imagesCATMPJJAToday is Fathers Day and what I would give to be able to telephone my dad and wish him a lovely day – something I did every year and took for granted. Sadly my dad died last year and I never got to be with him in time – to have that one last conversation with him. To tell him how much so many people loved him, to tell him what strength he was to me and to tell him simply that I loved him – but I know he knew that anyway.

This blog is a bit different from normal. It is straight from the heart and its one of those stories that left me and my family but more so my lovely dad badly let down by the system that I believe is one of the best in the world – but can show perhaps without the right communication how things can go so badly wrong.

I had a lovely Saturday afternoon, we had been celebrating a friends baby shower and there was lots of laughter and fun, the afternoon had ended and the clearing up underway. My daughter telephoned me to say that she had spoken to my dad (her beloved granddad) and he had commented that he felt unwell – he had been backwards and forwards to the doctors for some weeks with a chest infection and put on various different medications.

My dad asked my daughter to phone a doctor for him – this had alarm bells ringing, my dad would NEVER make a full and in all his life he had never ever phoned a doctor outside of surgery hours, and had never had a home visit. He was of the “old school” he never complained.

My daughter asked if I would phone and speak to him, she knew that I had a good understanding of how the out of hours worked and felt that I would be the best person to speak to someone.

Unfortunately I was not in the UK on this occasion and was phoning from another country. I telephoned my dad and it was pretty obvious he was very poorly he also was very confused – he asked if I could phone the doctor and his wishes were that no one called him as he felt he was not able to have a conversation with someone at this stage. He was confused and he was in pain. He sounded really poorly.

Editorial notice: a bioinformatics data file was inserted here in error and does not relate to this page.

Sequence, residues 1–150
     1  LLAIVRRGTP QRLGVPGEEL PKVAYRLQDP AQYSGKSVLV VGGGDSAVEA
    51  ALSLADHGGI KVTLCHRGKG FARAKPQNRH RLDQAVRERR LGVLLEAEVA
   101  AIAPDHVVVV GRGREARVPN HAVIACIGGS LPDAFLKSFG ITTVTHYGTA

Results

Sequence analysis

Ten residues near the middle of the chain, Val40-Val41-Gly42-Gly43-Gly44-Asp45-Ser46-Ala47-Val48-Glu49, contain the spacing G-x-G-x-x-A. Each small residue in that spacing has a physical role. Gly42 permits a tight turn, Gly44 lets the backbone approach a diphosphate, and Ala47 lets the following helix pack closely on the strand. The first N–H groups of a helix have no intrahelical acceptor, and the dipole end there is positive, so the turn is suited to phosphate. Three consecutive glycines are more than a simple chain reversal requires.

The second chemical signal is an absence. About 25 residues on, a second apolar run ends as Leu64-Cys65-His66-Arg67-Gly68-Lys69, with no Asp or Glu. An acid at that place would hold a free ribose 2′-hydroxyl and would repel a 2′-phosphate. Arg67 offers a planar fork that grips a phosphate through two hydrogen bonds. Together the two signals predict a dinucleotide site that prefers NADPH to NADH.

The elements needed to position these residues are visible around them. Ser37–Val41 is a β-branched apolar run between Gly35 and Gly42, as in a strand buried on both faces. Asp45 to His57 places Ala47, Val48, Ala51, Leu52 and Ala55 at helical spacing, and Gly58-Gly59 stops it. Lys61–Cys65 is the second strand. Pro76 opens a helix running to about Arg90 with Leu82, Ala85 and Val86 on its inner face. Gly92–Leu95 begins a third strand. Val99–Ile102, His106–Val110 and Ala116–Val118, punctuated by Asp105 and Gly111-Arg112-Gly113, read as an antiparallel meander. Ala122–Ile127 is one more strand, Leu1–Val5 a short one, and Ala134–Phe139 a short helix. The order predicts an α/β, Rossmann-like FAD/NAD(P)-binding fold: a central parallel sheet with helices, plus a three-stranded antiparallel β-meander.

I have a brother and unfortunately we were unable to contact him – but we left a message.

At 17.30 I telephoned the out of hours service. I explained to the operator it was my dad’s wishes that I spoke to them, as my dad was too poorly to speak to anyone. I explained that he was confused in a lot of pain and had not passed urine since the day before. I gave a list of my dad’s medication to the operator. I offered my telephone number to the operator and he said as it was an international telephone number he was unable to take it – this concerned me as I was the point of contact – I offered it again and he again said that he was not able to take the number.

I gave every single bit of information that the operator would have needed to assess the call appropriately. I know if my dad had made that call he would have not given all the facts.

After speaking to the operator and all the details taken into consideration it was confirmed that my dad would need an ambulance. As the operator couldn’t take my telephone number he actually put me through directly in touch with the ambulance service. I explained the circumstances and my concerns that my dad was confused, along and in a lot of pain. They confirmed that an ambulance would be called.

The next hour was a nightmare – worried that I had no news – still no contact from my brother so I telephoned my dad house to find that he was still there and no ambulance had been. The only reassuring thing was my brother had just arrived so at least he had someone there with him.

Concerned that no ambulance had arrived I contacted the out of hours again. I was told that the ambulance had been cancelled – yes cancelled!

Concerned that Dad had been confused perhaps someone had phoned him and he might have told them not to bother – that is something dad might have done if he thought that he was causing a fuss – but speaking to my brother no one at Dad’s had phoned or no one had cancelled the ambulance.

My brother told me that he would take my dad straight away to A&E himself in the car.

Had my dad gone in an ambulance he would have gone straight through – but my brother had to find a car parking space, walk my poorly dad into A&E and wait until the drunks and people with colds were booked in before them – it took over half an hour waiting to be checked in – and as you can imagine a while before he was seen – my dad was finally admitted the doctors told my brother that they would keep him in for a few days.